I did my B.Sc. from the Fergusson College, Pune, India in 2010, M.Sc. in Physics from the University of Pune, Pune, India, with specialization in Quantum Field Theory. After that I went for PhD at the University of Cologne, Cologne, Germany, as a part of the International Max Planck Research School (IMPRS) at the Max Planck Institute for Radio Astronomy (MPIfR). I recently completed my PhD in November 2015, and will soon start my first post-doc position at the Astronomical Institute of the Czech Academy of Sciences in Prague, Czech Republic.
For my masters’ thesis, I worked on the modelling of the gas distribution in local dwarf galaxies and relating the star formation rates with the gas distribution. My PhD thesis was about the observations of the Galactic Center at 3 mm to study the flaring activity of Sagittarius A*, the supermassive black hole at the center of the Milky Way, and the study of the stellar SiO maser sources in the central parsec region. My research interests include the Galactic Center region, the AGN-host relation & Evolution, Cosmic Archaeology, Formation of first objects in the Universe (First Stars, First Galaxies, First Black Holes), Radio Interferometry etc.
I am also fairly active in public outreach in India, where I have been involved with the Astro Club at the Fergusson College, Pune. Currently involved in activities related to improving science awareness among students in parts of rural India.
You can find me on Twitter at @
This week features Amanda Bauer. Amanda is a research astronomer and outreach officer at the Australian Astronomical Observatory (AAO) based in Sydney, Australia. She started this 50/50 role one year ago and is still exploring how to maximise both research and science communication without working WAY too much!
Her research explores variations in how galaxies form, how they live their lives, and how they evolve into the diverse array of galaxy species we see today. She uses surveys with thousands or hundreds of thousands of galaxies, like GAMA and the SAMI Galaxy Survey, to investigate what physical processes regulate star formation inside galaxies that live in different cosmic environments.
Her passion for science communication through her personal @astropixie account has lead to her ability to do this as 50% of her official job. As the first outreach officer at the AAO, she is developing a strategy to capture and communicate the excitement of new astronomical discoveries and innovative engineering feats occurring within the AAO and the astronomical community.
Dr. Karen Masters is an astronomer studying extragalactic astronomy at the Institute of Cosmology and Gravitation, University of Portsmouth. She uses information from large surveys of the sky to search for clues about how galaxies formed and evolve over cosmic time. This includes information on the shapes and types of galaxies provided by citizen scientists via the Galaxy Zoo project (www.galaxyzoo.org). Dr. Masters has been a member of the Galaxy Zoo science team since 2008, and Project Scientist since 2013.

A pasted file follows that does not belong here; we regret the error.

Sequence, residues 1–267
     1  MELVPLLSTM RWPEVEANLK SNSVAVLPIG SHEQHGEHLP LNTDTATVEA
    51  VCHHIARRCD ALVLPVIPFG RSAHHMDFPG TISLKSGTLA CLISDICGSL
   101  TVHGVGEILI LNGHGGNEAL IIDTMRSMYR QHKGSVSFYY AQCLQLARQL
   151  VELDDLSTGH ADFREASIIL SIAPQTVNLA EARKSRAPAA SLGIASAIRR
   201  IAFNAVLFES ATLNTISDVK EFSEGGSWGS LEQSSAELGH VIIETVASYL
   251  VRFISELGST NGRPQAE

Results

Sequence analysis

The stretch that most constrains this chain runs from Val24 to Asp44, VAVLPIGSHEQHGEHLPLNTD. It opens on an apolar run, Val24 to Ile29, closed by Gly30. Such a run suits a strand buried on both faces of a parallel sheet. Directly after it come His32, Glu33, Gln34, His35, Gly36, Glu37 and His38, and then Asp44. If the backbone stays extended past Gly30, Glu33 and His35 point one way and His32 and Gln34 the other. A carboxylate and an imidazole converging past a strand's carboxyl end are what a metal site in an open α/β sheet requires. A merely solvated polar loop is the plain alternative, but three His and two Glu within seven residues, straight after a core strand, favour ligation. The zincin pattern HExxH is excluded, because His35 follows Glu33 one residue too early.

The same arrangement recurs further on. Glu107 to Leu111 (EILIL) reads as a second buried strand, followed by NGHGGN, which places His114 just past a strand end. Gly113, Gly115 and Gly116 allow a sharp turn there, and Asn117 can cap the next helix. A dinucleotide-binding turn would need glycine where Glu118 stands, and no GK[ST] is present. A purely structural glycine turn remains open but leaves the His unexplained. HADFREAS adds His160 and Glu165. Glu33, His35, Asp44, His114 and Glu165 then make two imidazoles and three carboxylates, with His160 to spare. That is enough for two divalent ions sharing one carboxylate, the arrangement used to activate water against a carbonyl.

Karen is also a member of the Sloan Digital Sky Survey – the survey which provided the original images for Galaxy Zoo. She is Director of Outreach and Public Engagement for SDSS as well as having leading role in the MaNGA (Mapping Nearby Galaxies at APO) survey which has just recently started observations on the Sloan telescope.
Karen normally tweets about her adventures in astronomy research as @KarenLMasters.
This week features Michael Rutkowski, a post-doctoral researcher at the University of Minnesota’s Institute for Astrophysics. Michael recently finished his Ph.D. research in 2013 at Arizona State University. There, as in Minnesota, Michael has focused on the formation and evolution of galaxies across the Hubble Sequence. His dissertation research was primarily focused on the star formation histories of early-type galaxies, a broad class of massive galaxies which were once roundly assumed to be “red and dead” and lacking recent star formation. Using UV-optical imaging of these galaxies, he and collaborators have shown the picture of ETG evolution to be a bit more complicated.
While at Minnesota, he continues to use the Hubble Space Telescope, space-based UV observatories, and large ground-based facilities for the study of galaxy evolution, though his research now is primarily focused on dwarf star-forming galaxies and their role in cosmic reionization. In addition to the astrophysics of galaxies, Michael is also generally interested in the development of techniques and algorithms for quantitatively assessing multi-wavelength galaxy morphologies. Outside of the lab, Michael enjoys making galileoscopes with students around the US, teaching public classes on general astronomy at the local learning annex, and learning more of the cosmologies of the native peoples of the places where he’s been lucky enough to live during his term as a science migrant.